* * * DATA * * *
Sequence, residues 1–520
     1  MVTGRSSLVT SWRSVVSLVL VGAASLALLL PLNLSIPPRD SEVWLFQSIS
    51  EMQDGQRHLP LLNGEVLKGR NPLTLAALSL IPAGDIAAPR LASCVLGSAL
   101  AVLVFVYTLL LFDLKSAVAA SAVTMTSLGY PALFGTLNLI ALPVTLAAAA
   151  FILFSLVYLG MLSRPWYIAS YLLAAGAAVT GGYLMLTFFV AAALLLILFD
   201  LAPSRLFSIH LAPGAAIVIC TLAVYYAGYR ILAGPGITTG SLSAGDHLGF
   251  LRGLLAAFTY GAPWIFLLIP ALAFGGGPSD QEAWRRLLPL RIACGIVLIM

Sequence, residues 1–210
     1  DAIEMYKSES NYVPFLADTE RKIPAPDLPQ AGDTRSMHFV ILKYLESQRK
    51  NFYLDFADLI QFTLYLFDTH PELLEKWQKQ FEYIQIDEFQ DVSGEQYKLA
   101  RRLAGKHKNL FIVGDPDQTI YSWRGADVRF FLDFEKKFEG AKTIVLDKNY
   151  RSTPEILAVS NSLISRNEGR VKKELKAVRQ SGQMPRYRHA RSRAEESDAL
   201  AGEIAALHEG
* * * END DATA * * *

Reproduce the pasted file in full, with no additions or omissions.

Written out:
Sequence, residues 1–520
     1  MVTGRSSLVT SWRSVVSLVL VGAASLALLL PLNLSIPPRD SEVWLFQSIS
    51  EMQDGQRHLP LLNGEVLKGR NPLTLAALSL IPAGDIAAPR LASCVLGSAL
   101  AVLVFVYTLL LFDLKSAVAA SAVTMTSLGY PALFGTLNLI ALPVTLAAAA
   151  FILFSLVYLG MLSRPWYIAS YLLAAGAAVT GGYLMLTFFV AAALLLILFD
   201  LAPSRLFSIH LAPGAAIVIC TLAVYYAGYR ILAGPGITTG SLSAGDHLGF
   251  LRGLLAAFTY GAPWIFLLIP ALAFGGGPSD QEAWRRLLPL RIACGIVLIM

Sequence, residues 1–210
     1  DAIEMYKSES NYVPFLADTE RKIPAPDLPQ AGDTRSMHFV ILKYLESQRK
    51  NFYLDFADLI QFTLYLFDTH PELLEKWQKQ FEYIQIDEFQ DVSGEQYKLA
   101  RRLAGKHKNL FIVGDPDQTI YSWRGADVRF FLDFEKKFEG AKTIVLDKNY
   151  RSTPEILAVS NSLISRNEGR VKKELKAVRQ SGQMPRYRHA RSRAEESDAL
   201  AGEIAALHEG